Bs.deriving bs.optional removed

In the past I used to create JS objects without having to express None for all of my optional values. Is there a way to do that in rescript now that bs.deriving and bs.optional are gone?

Is it really gone? Only from the docs if I’m not mistaken, but it should definitely be there because the use case is obvious for objects with many optional fields.

@bs.deriving abstract and @bs.optional are both still present in bs-platform 8.2. :thinking:

For what it’s worth, though, you can achieve the same output with @bs.obj. The only difference is that ReScript won’t generate accessor functions to access the object properties.

type t
@bs.obj external make: (~a: int, ~b: int=?, unit) => t = ""

let a = make(~a=1, ()) // outputs {a: 1}

I can’t speak for the ReScript team, but it seems like they may be encouraging using ReScript Object syntax more:

let a = { "a" : 1}
let b = {"a": 1, "b": 2}

Well you have the same issue with optional fields though, for config objects for example

Hello and welcome!

Yeah, it’s usually recommended to use record and object over this particular feature, but this one does have its use-cases. For example, sometime the lack of fields themselves is important for JS interop; some APIs explicitly (and annoyingly) check for said absence of fields. So having fixed fields + undefined for their values doesn’t always work.

bs.deriving abstract is actually just convenience codegen for bs.obj + bs.get/set under the hood.

Thanks for all the replies. My particular use case was having to create a JS object with a bunch of properties either not set or set to undefined.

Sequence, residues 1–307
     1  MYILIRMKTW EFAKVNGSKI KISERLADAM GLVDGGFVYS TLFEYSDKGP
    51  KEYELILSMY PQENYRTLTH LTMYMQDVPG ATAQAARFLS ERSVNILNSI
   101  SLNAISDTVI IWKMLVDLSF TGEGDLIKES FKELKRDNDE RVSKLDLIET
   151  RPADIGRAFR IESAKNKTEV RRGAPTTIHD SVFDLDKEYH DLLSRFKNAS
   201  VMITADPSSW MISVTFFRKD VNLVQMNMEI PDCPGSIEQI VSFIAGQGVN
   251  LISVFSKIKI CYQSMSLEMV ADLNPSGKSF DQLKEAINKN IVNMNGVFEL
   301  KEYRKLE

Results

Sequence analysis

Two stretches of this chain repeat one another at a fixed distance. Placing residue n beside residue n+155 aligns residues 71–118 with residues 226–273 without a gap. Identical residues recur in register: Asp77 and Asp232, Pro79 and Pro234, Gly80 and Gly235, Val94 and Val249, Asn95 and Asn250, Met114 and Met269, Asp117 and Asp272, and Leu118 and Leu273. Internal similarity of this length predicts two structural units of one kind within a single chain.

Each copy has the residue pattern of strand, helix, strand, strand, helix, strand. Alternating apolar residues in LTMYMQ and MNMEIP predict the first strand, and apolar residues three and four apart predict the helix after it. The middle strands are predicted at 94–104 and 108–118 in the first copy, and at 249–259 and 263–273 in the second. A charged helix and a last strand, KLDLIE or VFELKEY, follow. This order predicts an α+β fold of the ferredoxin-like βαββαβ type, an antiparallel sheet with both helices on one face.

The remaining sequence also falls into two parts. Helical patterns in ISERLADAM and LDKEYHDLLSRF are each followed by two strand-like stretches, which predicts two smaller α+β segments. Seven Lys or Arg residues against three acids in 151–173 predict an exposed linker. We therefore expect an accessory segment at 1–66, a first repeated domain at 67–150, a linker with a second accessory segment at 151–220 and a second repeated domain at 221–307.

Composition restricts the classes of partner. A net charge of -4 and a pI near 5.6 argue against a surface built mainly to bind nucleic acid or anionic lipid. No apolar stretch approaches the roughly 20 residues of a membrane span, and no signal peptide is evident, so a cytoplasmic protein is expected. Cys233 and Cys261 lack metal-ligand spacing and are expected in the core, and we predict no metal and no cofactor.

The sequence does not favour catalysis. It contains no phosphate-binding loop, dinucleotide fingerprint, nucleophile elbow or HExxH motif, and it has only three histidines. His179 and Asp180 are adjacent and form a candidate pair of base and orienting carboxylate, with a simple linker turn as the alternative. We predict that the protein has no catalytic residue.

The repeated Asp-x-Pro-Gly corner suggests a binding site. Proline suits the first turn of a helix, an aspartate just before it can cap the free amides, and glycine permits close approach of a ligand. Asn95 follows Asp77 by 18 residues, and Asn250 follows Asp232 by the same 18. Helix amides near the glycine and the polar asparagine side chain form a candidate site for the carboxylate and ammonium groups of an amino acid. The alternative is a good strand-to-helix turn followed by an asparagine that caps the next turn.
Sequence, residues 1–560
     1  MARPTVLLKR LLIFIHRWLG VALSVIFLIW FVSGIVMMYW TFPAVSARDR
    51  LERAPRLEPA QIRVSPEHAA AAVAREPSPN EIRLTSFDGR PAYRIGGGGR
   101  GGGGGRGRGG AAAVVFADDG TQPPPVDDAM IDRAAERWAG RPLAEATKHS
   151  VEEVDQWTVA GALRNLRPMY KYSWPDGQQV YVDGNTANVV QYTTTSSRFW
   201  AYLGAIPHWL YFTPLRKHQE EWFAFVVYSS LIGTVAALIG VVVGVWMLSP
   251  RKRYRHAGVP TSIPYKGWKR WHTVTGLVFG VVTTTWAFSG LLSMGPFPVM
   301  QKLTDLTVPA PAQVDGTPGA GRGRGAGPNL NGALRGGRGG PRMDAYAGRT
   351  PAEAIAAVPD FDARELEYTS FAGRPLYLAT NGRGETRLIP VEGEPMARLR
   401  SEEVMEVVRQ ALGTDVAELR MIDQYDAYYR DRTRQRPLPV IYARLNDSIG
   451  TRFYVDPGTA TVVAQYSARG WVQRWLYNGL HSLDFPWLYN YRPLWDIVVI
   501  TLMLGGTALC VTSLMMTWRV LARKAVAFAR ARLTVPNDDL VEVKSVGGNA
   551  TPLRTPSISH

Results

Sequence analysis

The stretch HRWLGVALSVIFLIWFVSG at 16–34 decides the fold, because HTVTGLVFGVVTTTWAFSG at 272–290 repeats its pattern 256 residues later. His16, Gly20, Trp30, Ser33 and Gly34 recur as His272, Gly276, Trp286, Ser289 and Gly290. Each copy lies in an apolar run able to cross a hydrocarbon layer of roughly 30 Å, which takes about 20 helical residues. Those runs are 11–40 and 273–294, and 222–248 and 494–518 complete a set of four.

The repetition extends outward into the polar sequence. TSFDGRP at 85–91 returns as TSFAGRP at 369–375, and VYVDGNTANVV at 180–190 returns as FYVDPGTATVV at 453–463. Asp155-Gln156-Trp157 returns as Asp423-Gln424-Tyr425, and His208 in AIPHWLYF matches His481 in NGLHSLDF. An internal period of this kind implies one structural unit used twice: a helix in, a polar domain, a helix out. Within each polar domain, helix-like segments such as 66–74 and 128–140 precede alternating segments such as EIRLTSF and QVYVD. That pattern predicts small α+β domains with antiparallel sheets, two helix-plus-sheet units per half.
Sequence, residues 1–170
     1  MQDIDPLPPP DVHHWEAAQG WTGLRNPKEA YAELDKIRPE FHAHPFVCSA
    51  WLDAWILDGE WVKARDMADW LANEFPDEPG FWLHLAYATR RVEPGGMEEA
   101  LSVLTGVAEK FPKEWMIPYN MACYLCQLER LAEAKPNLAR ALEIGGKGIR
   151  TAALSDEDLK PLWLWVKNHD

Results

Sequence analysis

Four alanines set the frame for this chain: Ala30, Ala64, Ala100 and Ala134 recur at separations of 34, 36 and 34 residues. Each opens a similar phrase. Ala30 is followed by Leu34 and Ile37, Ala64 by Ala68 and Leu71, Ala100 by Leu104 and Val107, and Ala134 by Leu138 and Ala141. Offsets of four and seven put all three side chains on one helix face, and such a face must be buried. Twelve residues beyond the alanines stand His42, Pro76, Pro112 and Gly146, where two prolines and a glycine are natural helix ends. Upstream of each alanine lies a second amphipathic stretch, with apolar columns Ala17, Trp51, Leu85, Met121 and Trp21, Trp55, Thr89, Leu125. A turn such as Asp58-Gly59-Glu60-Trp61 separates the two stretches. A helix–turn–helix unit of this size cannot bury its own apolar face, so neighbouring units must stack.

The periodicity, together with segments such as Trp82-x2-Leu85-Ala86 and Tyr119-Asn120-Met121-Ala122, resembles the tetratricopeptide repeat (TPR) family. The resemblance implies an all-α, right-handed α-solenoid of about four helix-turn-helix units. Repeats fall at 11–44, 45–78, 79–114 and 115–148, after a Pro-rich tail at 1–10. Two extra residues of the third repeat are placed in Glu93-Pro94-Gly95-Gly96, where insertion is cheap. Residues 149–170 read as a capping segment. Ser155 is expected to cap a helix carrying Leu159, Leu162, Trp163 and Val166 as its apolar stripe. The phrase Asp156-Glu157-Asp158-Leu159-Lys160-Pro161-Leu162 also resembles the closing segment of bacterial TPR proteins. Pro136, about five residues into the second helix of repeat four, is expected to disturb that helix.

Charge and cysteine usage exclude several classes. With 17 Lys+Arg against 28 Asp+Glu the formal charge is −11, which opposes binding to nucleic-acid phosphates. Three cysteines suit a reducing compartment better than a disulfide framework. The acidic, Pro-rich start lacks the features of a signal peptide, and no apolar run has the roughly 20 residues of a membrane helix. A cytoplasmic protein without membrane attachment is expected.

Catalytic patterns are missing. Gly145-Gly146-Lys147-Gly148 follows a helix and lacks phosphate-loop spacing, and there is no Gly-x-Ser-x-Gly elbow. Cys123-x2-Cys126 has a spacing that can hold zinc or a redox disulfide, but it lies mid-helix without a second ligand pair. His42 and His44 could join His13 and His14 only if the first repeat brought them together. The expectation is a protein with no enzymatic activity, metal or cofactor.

So I went with the documented record type, like this:

type t = {
  method: string,
  body: option<string>

Only after having created the post I noticed I could do something like

let makeTObject = (~method, ~body=?, ()) => {method,body};

And that works beautifully. Now, say I have not just body but a large list of optional properties, in that case the recommended alternative (in case I don’t want to write the make function myself) would be to use bs.deriving, correct?

yes @mciparelli then you could use bs.deriving abstract to generate the make function, don’t forget to annotate the optional fields with @bs.optional instead of typing them as options.

type t = {
  method: string,
  @bs.optional body: string

But then your type t won’t be a record anymore, you won’t be able to pattern match on it or create it as a normal record. This is usually not an issue when creating an object meant to be consumed in JS. In that case, you could more simply use bs.obj like this:

@bs.obj external makeTObject: (~method: string, ~body:string=?, unit) => _ = ""

Notice that you could here model method as a string literal for better type safety.

yes, there are still definitely use cases for bs.obj, that should be in the docs I think.
I would trade it for any time of the day though :slight_smile: That would allow to easily write 0-cost bindings nicer than the original JS function :astonished: